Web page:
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Fridge Brilliance

  • On Ratchet and Clank, it was pointed out to me that Clank was slower to pick up on some obvious things despite being very intellegent (mistaking an obvious robot for Captain Qwark in the first game and interpreting Qwark in drag "Qwark's sister" in UYA). Thinking about it a bit got me to realize: wasn't Clank just created at the beginning of the first game? Despite having a lot of book smarts, he's essentially a child, one who hasn't learned to pick up on things that aren't right in front of him just yet. - User:Michael JJ
    • Some of Clank's personality traits are a bit of Fridge Brilliance, to this troper; his quieter, more observational nature, his rarely arguing with the polar-opposite Ratchet, his mild social ineptitude, his childlike trust and naivety... all of which are also Zoni traits.
    • Appearance of Lombaxes - big fluffy ears and prevalence of yellow fur shades - makes a lot of sense, considering that both the planet Ratchet lived on and homeworld of the species are desert planets. Ears probably act as heat sinks, and yellow is a good camouflage for the desert. - User:Unknown Troper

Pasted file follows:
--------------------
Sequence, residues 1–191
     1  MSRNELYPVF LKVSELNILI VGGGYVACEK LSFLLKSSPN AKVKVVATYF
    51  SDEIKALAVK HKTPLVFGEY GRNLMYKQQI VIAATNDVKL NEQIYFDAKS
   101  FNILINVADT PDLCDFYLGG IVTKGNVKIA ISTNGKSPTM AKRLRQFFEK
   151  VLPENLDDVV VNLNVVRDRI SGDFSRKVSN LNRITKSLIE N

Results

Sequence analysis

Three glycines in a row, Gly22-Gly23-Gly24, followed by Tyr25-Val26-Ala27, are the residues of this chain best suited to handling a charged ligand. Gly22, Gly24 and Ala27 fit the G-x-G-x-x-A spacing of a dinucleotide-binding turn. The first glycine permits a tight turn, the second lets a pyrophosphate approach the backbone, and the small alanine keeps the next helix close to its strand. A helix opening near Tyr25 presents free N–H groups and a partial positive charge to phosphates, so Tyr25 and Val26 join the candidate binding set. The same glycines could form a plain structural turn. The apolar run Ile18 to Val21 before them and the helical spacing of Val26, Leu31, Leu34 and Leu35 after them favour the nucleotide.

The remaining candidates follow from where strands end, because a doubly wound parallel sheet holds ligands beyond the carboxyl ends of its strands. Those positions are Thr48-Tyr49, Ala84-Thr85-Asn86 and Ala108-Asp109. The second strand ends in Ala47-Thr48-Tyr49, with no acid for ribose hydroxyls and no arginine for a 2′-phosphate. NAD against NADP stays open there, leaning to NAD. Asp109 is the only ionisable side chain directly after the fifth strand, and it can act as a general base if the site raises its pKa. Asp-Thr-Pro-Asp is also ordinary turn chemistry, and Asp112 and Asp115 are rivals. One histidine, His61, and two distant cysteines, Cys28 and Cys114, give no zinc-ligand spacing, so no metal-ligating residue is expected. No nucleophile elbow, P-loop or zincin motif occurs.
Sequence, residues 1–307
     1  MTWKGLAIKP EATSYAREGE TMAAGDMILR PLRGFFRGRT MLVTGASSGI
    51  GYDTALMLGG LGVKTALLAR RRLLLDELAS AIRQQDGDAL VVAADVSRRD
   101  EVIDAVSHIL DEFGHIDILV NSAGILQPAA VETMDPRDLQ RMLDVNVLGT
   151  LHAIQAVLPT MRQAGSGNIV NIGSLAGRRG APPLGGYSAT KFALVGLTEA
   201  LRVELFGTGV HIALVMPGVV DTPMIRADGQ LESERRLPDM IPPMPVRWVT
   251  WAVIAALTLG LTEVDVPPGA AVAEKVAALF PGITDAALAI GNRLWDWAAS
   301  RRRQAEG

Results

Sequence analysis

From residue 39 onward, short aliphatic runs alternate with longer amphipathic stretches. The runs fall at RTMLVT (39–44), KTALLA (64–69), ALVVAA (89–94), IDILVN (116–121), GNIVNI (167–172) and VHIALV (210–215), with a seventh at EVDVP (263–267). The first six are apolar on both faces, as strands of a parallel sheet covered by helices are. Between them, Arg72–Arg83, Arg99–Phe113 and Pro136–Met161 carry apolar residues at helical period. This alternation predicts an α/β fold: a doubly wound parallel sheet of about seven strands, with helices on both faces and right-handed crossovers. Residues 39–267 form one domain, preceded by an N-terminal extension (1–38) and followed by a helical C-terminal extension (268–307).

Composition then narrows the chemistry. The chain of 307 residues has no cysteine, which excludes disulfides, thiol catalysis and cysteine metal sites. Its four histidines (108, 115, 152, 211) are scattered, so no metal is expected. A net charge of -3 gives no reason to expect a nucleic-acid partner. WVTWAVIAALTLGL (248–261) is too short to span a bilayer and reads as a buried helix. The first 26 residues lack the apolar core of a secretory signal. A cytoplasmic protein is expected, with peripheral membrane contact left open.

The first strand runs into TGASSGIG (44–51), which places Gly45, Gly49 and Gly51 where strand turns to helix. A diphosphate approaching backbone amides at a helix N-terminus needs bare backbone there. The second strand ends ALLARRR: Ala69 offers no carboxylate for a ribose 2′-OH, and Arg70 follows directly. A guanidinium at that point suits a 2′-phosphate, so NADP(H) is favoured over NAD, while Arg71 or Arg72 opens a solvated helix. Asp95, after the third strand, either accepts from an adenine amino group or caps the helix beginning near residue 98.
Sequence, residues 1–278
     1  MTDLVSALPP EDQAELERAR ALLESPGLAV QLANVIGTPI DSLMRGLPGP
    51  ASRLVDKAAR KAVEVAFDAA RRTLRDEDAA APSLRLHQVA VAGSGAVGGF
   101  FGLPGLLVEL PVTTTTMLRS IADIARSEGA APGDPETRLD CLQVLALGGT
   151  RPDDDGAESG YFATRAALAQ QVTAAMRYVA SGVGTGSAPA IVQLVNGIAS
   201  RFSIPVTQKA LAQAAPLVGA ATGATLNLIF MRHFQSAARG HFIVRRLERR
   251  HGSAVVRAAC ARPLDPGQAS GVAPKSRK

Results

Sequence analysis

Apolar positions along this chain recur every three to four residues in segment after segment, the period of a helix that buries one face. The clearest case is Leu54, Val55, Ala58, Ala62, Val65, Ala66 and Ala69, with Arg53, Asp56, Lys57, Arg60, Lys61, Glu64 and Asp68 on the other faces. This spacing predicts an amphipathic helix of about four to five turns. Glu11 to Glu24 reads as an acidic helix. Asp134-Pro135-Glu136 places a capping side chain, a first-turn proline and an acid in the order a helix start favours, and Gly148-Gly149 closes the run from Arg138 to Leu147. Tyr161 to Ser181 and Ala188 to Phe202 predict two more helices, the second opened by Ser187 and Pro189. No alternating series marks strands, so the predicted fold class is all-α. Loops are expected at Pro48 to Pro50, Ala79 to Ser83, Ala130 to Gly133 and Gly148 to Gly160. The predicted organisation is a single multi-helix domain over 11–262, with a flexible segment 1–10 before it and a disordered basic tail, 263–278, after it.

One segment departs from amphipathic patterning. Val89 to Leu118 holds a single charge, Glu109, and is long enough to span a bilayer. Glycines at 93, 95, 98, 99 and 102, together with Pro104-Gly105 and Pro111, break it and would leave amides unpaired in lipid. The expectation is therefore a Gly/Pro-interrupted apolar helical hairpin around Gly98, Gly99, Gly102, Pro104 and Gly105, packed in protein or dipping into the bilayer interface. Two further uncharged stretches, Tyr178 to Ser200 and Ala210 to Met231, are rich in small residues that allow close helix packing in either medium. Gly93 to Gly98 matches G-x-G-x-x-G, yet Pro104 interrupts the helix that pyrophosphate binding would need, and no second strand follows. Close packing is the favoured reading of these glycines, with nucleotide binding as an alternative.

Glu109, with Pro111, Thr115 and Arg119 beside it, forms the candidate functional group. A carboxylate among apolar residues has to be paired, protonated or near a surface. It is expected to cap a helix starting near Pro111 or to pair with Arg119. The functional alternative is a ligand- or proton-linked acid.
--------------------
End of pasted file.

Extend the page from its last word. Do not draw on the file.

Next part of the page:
• This also explains why Azimuth lives in Molonoth Fields, a desert wasteland.
      • Also explains how Ratchet can run around, in deserts sometimes, for so long without drinking anything.
    • In Ratchet & Clank 2 you visit the destroyed ruins of Gadgetron's facilities in the Bodan Galaxy, where everything is run by Mega-corp. The place is all but abandoned, but even the savages that now populate the place can't account for all the building damage here, right? Sometime later, you get a guided tour through a Megacorp Weapons Facility, where they show off several large bombs, including one that the tour guide states "took out the competition". In a further show of foreshadowing, the Gadgetron site is overrun with "Gadgetron cuddly hounds of death", effectively the same problem Captain Qwark unleashes upon the galaxy much later, but in a different form.